The best memoirs about troubled families and the secrets they keep

Why am I passionate about this?

I am a journalist with a background in performing arts and have spent much of my work life as a storyteller, fascinated by the process of knocking a narrative into shape, either for print or stage performance. My mother’s death prompted me to use those same skills to tell my own stories and the process has been the most satisfying of my professional life. As a memoirist of two books, my dreams have come true. My work has been shortlisted for awards, featured in national newspapers, special interest magazines, and by the BBC. I regularly speak to family history societies, book clubs, writer’s groups, and at literature festivals.   


I wrote...

Where are the grown-ups?

By Ruth Badley,

Book cover of Where are the grown-ups?

What is my book about?

The impact of a whispered family tragedy ripples across three generations in a coming-of-age mother and daughter true story. A frank examination of parent and child relationships takes the reader on an emotional journey from modern-day Dubai to 1960s North London, and back to the Jewish East End between the wars where Rose is expecting a baby. 

Part social history, part narrative memoir, themes of identity and inheritance in this most personal of stories echo the complexities and difficulties of family life we can all relate to. "As children we assume our parents are complete creations, but they too will misbehave, test the boundaries, make mistakes, stamp their feet, and shed tears before they become the men and women they need to be."

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The books I picked & why

Book cover of House of Glass: The Story and Secrets of a Twentieth-Century Jewish Family

Ruth Badley Why did I love this book?

A beautifully written and meticulously researched family memoir that made me question what I would have done to survive the turbulence and brutality of the Nazi era. Themes of antisemitism and identity continue to haunt four siblings - Jehuda, Jacob, Sender, and Sala - as they leave Poland behind to establish new lives as Alex, Jacques, Henri, and Sara in Paris.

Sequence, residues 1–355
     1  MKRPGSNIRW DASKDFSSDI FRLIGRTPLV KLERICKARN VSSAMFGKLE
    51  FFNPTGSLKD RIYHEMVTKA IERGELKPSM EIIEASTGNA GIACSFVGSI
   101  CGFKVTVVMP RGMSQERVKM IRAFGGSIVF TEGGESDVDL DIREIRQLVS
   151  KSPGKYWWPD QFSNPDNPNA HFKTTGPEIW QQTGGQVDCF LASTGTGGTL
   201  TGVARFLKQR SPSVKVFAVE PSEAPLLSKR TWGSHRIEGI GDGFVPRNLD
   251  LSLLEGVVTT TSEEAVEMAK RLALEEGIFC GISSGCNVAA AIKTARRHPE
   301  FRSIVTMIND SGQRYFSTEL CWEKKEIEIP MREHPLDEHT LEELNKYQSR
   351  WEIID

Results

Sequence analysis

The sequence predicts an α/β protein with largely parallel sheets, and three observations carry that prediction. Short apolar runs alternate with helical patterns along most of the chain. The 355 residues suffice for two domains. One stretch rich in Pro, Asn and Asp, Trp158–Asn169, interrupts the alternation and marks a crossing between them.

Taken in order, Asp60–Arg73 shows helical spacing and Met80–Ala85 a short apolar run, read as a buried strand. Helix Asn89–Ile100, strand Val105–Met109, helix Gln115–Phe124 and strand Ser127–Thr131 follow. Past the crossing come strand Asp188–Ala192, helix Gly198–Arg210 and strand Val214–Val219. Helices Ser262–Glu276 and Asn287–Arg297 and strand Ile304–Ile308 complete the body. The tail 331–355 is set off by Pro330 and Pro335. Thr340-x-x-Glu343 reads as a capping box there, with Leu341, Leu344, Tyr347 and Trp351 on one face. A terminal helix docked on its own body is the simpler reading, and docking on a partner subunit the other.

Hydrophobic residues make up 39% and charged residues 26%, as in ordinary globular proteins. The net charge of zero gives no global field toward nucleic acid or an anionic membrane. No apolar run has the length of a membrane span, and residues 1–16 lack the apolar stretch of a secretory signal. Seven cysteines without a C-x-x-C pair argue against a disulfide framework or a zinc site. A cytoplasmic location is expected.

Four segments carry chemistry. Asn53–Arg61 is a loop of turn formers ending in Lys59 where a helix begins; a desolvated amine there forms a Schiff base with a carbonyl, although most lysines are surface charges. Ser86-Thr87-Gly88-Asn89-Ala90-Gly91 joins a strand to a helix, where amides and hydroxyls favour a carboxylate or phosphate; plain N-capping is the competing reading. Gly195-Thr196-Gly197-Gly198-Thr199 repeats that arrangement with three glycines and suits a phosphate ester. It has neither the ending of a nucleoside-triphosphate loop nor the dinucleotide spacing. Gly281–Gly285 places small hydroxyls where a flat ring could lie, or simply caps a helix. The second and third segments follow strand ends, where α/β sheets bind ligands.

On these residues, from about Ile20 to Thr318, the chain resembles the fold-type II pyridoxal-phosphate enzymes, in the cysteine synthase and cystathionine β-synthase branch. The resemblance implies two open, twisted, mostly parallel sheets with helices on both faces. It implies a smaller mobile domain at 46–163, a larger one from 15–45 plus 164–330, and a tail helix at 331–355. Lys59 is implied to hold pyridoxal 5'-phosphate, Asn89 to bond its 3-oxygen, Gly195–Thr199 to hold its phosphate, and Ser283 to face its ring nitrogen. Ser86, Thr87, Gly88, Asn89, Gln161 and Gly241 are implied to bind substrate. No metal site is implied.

An irresistible and complex personal story that I would happily reread because I devoured this page turner too quickly! At the heart of it all is Sara, the author’s mysterious, glamorous, melancholy grandmother and a shoebox of her treasured possessions. The author, a skilled journalist, adds power to the narrative with examples of populist divisive politics and the rise of nationalism in current times.

By Hadley Freeman,

Why should I read it?

2 authors picked House of Glass as one of their favorite books, and they share why you should read it.

What is this book about?

The Sunday Times bestseller

'An utterly engrossing book' Nigella Lawson

'Remarkable and gripping' Edmund de Waal

'A near-perfect study of Jewish identity in the 20th century ... I don't hesitate to call it a masterpiece' Telegraph

After her grandmother died, Hadley Freeman travelled to her apartment to try and make sense of a woman she'd never really known. Sala Glass was a European expat in America - defiantly clinging to her French influences, famously reserved, fashionable to the end - yet to Hadley much of her life remained a mystery. Sala's experience of surviving one of the most tumultuous periods…


Book cover of Lowborn

Ruth Badley Why did I love this book?

The author’s account of grinding, unrelentless poverty and neglect, set against her eventual, miraculous escape to a different life made me cheer.

Bravely, Kerry Hudson returns to the scenes of many crimes committed against her to really understand why the past refuses to let her go and whether anything has changed for deprived families in those rundown British towns she grew up in.

In an early chapter the author recalls being pushed between two adults across a table. She thought it was a game, but her parents were in fact arguing over who should keep her. Neither was willing.

This is an important and shameful piece of British social history and an unflinching examination of a dysfunctional family with different recollections of the past.